However, once you are in college, you have probably had a job or two, had some extracurricular activities, done some volunteer work, or learned something at school (fingers crossed that you have). At that point, when you have enough to fill up your resume, you can start taking off the irrelevant experiences.

Listing irrelevant experiences stops helping your resume. It starts to look like a random collection of experience that makes you unqualified and ill-equipped for the job you are applying for. They may even make your potential employer question why in the world you are applying for their open position or if you read anything about their company or the open position.

When you have enough experience, take off either the oldest stuff from when you were in high school or items that are completely unrelated to the job you are applying for. If you are applying for a finance position, you might not need to include your babysitting side gig. If you are applying for a non-profit management position, maybe that summer gig you had as a cake decorator will not be the most helpful experience you have ever had that will help you get that particular job.

Old Experiences

Continuing on in that vein, if you are removing irrelevant experiences, it may be time to remove old experiences as well. Most people get their first job in high school and many students work while they are in college. By now, you can start removing really old stuff off of your resume. Your middle school awards do not need to be included on your resume, for example.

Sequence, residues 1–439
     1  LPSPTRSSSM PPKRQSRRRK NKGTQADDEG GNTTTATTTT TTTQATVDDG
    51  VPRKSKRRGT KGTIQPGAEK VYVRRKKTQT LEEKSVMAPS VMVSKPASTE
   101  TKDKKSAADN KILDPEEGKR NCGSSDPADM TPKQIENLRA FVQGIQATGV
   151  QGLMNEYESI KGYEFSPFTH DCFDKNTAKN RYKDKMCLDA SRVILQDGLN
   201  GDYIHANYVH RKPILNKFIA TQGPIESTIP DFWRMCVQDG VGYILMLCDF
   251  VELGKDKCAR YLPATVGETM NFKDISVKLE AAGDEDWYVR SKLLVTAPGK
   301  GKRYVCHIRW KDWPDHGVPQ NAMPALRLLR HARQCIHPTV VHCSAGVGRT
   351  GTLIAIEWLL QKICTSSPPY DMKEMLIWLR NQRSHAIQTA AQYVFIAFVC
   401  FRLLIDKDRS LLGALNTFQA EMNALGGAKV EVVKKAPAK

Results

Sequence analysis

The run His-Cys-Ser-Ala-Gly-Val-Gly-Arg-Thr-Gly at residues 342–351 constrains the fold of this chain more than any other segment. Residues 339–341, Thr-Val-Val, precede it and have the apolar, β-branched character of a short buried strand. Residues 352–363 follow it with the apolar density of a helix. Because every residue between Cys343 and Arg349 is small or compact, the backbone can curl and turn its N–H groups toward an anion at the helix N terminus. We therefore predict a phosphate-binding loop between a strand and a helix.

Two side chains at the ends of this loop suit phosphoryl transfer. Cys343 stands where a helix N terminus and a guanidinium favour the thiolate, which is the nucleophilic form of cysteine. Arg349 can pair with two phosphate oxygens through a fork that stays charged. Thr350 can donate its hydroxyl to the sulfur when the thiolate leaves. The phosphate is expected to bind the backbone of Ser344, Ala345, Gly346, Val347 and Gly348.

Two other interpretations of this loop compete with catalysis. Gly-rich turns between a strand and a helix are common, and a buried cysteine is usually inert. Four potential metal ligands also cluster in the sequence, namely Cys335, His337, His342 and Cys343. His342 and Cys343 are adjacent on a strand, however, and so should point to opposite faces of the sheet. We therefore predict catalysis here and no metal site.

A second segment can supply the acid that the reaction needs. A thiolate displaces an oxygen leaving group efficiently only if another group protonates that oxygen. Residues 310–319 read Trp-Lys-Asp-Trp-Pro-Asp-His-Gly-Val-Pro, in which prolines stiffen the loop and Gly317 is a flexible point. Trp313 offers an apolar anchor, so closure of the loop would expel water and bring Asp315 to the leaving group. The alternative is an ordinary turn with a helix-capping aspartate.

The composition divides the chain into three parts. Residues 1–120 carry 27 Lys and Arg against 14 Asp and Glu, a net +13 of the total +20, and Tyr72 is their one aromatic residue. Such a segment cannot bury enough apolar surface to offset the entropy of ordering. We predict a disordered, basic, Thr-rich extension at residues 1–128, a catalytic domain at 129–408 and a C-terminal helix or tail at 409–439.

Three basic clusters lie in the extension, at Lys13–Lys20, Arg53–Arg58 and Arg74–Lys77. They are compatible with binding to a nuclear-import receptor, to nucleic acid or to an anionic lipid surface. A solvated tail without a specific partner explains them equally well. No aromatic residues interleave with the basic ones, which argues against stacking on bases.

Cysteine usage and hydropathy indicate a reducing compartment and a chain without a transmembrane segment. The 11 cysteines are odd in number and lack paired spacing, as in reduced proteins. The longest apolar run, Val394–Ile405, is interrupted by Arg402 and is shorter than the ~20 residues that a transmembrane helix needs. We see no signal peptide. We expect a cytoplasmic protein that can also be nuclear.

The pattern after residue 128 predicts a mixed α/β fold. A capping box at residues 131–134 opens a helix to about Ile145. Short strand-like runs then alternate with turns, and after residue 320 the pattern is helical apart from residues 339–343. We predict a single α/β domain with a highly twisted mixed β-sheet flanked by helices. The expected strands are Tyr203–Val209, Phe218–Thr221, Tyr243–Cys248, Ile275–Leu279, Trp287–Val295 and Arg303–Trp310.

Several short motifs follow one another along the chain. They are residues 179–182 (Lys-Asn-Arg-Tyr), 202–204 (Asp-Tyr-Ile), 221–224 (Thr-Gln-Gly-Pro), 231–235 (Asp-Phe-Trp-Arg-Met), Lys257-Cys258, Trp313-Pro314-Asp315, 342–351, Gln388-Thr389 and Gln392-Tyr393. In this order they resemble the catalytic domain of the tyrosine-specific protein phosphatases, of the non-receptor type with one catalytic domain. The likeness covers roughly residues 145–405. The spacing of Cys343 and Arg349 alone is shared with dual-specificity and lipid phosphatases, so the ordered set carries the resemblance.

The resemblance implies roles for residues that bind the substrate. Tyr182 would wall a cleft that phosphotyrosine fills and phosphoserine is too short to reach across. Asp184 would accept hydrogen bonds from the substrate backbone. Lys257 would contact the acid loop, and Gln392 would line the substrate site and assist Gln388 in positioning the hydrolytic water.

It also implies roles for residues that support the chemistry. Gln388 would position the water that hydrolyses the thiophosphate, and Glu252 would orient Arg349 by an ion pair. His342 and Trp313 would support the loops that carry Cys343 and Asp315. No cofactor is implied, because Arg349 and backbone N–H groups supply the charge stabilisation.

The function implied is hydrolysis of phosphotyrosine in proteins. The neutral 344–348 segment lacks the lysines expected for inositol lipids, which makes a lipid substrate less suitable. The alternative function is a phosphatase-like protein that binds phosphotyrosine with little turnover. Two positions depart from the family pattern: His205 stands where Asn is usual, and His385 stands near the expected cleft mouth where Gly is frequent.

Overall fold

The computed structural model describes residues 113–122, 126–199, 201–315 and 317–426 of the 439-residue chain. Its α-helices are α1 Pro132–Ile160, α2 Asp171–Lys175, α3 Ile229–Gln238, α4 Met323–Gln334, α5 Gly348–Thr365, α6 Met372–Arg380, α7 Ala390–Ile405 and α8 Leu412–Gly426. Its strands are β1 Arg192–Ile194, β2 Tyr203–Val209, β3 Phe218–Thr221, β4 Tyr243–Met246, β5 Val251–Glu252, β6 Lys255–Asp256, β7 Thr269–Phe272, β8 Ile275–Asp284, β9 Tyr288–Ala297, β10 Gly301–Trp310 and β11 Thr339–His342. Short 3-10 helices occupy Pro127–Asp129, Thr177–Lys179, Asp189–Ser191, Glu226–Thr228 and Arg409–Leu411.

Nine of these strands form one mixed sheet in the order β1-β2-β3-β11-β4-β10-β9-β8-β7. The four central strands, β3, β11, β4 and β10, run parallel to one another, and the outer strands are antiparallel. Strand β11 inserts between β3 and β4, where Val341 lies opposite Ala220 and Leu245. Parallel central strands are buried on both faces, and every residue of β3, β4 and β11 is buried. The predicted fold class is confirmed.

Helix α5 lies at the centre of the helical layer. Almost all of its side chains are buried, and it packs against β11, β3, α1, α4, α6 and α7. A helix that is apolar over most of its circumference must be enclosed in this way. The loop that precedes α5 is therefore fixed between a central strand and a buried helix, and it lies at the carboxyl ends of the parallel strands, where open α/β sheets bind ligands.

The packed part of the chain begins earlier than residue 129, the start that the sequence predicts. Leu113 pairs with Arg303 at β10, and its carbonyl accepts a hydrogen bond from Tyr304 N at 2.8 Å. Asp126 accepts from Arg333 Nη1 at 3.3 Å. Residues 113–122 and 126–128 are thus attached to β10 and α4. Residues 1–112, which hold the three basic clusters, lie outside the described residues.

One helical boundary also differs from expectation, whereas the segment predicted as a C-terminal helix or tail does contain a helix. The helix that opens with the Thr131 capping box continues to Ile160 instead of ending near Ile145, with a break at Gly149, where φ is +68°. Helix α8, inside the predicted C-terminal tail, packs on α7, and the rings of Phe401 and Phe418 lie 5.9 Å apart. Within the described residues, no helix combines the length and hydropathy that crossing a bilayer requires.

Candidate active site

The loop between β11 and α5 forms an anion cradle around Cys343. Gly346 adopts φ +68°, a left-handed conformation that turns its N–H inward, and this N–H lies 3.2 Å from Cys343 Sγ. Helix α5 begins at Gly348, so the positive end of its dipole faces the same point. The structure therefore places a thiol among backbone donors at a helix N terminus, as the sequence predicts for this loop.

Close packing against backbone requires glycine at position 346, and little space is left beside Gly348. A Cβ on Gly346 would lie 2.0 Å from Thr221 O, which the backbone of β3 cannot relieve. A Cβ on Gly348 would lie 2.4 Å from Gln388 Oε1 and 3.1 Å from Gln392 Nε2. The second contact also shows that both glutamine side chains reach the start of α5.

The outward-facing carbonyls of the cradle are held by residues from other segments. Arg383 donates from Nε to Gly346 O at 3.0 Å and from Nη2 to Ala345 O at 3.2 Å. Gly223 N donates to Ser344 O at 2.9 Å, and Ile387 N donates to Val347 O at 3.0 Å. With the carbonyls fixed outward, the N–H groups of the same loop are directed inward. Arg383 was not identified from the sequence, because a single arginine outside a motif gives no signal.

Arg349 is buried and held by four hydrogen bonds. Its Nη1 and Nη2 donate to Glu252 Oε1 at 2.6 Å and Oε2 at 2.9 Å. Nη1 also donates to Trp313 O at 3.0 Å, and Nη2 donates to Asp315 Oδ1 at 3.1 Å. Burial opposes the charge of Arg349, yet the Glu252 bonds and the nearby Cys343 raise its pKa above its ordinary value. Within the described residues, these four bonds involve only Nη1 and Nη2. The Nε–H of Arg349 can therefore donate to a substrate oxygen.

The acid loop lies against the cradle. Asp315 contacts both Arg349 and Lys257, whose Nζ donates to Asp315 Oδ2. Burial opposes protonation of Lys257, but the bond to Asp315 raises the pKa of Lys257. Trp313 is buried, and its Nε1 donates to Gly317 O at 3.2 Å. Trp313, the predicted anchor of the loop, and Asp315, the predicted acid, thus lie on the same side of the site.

Even things from high school can come off of your resume—especially those earlier years. You can perhaps leave events from your senior year on there, depending on how far into your college years are. But the farther you are into college, the more of your high school extracurriculars and experiences need to come off, even if they might be relevant. You can probably leave off your high school GPA too unless you were either the valedictorian or salutatorian, which is a big deal and should still be left on your resume.

If you have an older experience that was particularly relevant to the specific job you are applying for, that would be an exception to leave it on your resume. Otherwise, clean it out. It is best to keep your resume to one page anyways.

Empty Language

In more academic writing, people are usually encouraged to use bigger words and to write more formally. The bigger the word, the better, because it is supposed to suggest a bigger and better brain in the writer. However, you want to make sure that your bigger and better words are focused more on your actions than describing you.